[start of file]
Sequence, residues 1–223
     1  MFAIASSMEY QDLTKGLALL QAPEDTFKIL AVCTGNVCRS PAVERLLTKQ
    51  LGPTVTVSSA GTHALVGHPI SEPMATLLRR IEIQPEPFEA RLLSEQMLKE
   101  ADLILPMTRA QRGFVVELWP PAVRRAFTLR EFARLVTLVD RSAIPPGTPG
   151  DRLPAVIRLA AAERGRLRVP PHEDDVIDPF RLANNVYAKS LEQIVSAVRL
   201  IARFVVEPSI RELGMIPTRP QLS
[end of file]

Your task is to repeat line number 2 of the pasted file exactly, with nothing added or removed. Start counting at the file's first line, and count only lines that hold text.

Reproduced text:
     1  MFAIASSMEY QDLTKGLALL QAPEDTFKIL AVCTGNVCRS PAVERLLTKQ